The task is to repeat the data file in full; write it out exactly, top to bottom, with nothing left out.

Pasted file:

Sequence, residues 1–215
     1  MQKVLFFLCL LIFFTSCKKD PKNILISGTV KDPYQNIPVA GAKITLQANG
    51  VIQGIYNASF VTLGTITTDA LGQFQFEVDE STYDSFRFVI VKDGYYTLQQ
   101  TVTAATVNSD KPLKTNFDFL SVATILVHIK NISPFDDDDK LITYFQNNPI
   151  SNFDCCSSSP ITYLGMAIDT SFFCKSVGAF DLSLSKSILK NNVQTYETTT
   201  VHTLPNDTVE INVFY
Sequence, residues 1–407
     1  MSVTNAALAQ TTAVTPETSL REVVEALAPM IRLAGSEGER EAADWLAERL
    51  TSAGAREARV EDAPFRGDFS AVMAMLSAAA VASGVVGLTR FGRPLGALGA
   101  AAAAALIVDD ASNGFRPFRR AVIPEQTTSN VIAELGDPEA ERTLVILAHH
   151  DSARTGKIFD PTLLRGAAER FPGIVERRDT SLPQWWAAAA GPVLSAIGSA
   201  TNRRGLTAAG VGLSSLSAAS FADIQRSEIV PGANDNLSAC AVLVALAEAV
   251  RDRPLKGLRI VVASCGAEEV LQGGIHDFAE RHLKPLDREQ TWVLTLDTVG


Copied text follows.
Sequence, residues 1–215
     1  MQKVLFFLCL LIFFTSCKKD PKNILISGTV KDPYQNIPVA GAKITLQANG
    51  VIQGIYNASF VTLGTITTDA LGQFQFEVDE STYDSFRFVI VKDGYYTLQQ
   101  TVTAATVNSD KPLKTNFDFL SVATILVHIK NISPFDDDDK LITYFQNNPI
   151  SNFDCCSSSP ITYLGMAIDT SFFCKSVGAF DLSLSKSILK NNVQTYETTT
   201  VHTLPNDTVE INVFY
Sequence, residues 1–407
     1  MSVTNAALAQ TTAVTPETSL REVVEALAPM IRLAGSEGER EAADWLAERL
    51  TSAGAREARV EDAPFRGDFS AVMAMLSAAA VASGVVGLTR FGRPLGALGA
   101  AAAAALIVDD ASNGFRPFRR AVIPEQTTSN VIAELGDPEA ERTLVILAHH
   151  DSARTGKIFD PTLLRGAAER FPGIVERRDT SLPQWWAAAA GPVLSAIGSA
   201  TNRRGLTAAG VGLSSLSAAS FADIQRSEIV PGANDNLSAC AVLVALAEAV
   251  RDRPLKGLRI VVASCGAEEV LQGGIHDFAE RHLKPLDREQ TWVLTLDTVG